"What’s interesting is it really has changed the culture. It’s changed the way people share documents. They don’t do all that email, you know, email the PowerPoint deck, or email the PDF file, or email the 16 documents for the presentation. They all join a connect session and have the opportunity collaboratively to engage in that conversation. That kind of brings me to what I think the kernel is: you need to do collaboration around some event or activity. It’s more than just hold a meeting, it’s more than: "Let’s just throw up a site and let people throw content at it." It’s about, "What is the work product and the activity you’re trying to accomplish?"

I have yet to find a toolset to magnificently support the virtual collaboration process that I described in a previous post. The easiest and most adequate tool for the moment is a wiki, but that requires the participants to provide a fair number of tools themselves for creating graphics, images and models to post to the wiki. Any ideas for great modeling tools?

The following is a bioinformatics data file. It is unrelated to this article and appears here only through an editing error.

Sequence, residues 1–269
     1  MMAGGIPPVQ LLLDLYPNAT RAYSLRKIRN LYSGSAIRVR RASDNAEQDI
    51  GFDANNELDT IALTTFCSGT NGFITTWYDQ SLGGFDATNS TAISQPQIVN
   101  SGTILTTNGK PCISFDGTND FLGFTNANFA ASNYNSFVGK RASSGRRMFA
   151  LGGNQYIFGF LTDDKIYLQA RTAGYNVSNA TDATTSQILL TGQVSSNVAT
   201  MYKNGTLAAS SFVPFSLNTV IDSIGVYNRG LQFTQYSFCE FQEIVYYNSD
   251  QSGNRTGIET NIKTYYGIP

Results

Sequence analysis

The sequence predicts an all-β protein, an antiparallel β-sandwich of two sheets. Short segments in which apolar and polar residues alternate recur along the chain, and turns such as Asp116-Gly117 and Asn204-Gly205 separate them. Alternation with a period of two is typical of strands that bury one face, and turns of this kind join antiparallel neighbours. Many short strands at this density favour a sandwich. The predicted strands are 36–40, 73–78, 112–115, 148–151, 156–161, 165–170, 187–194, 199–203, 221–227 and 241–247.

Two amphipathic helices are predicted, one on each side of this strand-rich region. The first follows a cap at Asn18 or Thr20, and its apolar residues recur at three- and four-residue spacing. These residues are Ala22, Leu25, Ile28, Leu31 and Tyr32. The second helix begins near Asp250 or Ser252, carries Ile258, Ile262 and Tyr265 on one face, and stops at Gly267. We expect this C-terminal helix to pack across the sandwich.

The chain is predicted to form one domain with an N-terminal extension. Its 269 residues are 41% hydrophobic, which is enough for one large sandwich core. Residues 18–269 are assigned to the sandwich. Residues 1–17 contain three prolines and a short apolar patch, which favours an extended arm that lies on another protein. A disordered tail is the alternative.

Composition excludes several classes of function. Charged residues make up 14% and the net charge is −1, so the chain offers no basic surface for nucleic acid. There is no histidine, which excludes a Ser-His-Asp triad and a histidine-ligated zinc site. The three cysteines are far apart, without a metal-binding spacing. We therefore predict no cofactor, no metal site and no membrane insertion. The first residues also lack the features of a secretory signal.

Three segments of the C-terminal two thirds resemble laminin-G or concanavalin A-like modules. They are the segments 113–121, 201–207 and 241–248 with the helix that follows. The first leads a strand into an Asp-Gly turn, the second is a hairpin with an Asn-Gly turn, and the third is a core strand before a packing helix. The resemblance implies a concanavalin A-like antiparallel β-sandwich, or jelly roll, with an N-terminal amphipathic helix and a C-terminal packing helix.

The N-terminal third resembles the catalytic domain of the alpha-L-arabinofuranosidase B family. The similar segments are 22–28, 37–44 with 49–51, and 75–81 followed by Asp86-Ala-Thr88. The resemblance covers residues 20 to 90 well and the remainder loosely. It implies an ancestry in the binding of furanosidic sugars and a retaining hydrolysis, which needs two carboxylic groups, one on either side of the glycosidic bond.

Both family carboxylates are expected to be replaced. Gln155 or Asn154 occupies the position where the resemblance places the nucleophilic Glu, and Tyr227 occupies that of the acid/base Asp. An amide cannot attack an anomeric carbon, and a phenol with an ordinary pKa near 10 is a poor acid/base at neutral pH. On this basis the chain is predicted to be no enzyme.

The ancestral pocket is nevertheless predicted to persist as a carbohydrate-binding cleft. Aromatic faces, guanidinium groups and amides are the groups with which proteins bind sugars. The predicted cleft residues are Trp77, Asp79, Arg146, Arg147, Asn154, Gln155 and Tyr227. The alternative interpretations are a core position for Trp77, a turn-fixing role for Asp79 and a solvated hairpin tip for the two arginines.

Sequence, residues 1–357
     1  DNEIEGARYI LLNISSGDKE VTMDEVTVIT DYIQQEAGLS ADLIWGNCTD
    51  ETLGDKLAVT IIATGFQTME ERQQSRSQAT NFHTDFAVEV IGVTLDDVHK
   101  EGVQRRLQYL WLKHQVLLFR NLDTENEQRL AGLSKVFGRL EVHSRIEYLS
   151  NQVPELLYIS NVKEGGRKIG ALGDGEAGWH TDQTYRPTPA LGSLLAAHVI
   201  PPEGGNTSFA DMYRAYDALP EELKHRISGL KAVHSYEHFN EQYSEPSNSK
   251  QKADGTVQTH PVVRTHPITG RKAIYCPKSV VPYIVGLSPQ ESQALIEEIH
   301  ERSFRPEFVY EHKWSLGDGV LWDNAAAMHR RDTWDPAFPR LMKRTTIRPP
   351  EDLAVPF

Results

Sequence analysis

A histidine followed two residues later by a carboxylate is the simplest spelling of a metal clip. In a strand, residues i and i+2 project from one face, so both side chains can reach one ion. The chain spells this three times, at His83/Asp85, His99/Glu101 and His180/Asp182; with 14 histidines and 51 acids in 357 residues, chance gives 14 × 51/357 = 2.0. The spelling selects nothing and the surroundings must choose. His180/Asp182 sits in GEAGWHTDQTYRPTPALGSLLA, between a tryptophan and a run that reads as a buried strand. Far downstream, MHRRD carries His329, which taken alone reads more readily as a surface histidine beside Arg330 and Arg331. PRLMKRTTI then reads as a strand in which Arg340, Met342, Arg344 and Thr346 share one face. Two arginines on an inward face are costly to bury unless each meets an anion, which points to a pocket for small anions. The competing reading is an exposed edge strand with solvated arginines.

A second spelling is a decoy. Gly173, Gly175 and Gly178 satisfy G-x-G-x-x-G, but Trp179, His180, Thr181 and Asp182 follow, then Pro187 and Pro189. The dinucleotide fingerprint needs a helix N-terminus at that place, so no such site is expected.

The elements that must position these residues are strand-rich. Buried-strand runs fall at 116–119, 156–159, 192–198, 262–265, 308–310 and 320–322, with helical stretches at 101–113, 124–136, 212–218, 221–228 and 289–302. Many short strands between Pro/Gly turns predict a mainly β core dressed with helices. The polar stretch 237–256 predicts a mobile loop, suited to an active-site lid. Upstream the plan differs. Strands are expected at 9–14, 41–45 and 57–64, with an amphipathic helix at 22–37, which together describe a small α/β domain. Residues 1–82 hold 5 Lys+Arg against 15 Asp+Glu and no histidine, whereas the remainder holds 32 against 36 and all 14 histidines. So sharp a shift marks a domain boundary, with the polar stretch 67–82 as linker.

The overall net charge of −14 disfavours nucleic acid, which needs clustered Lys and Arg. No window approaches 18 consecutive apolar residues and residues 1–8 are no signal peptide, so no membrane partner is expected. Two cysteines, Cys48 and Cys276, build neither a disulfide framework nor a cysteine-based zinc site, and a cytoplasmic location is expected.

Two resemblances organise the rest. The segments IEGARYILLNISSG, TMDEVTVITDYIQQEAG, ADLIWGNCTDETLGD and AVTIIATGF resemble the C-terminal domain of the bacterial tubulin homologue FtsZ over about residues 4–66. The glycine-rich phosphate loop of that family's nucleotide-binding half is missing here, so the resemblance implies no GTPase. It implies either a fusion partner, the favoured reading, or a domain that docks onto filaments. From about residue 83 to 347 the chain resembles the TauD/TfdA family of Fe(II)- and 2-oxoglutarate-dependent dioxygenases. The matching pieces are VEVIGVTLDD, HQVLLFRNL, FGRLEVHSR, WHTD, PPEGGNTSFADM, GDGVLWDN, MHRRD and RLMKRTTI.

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Thursday, April 9, 2009

Design Thinking Framework

Here's a nice little video that demonstrates a framework for "design thinking". I don't think there's any audio, but I'm not sure.

I've struggled for years over the decision to include "design" in my marketing materials. For those customers and collaborators who "get it", design is the perfect word. For those who don't, you often get into a long discussion about how you don't, in fact, have an opinion about the curtains in their office. Design Thinking seems to be growing in popularity, though. The benefits it offers businesses (and meetings) are pretty extraordinary over what's traditionally passed for strategy and planning.

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Wednesday, April 8, 2009

Schooling Has Patterned Us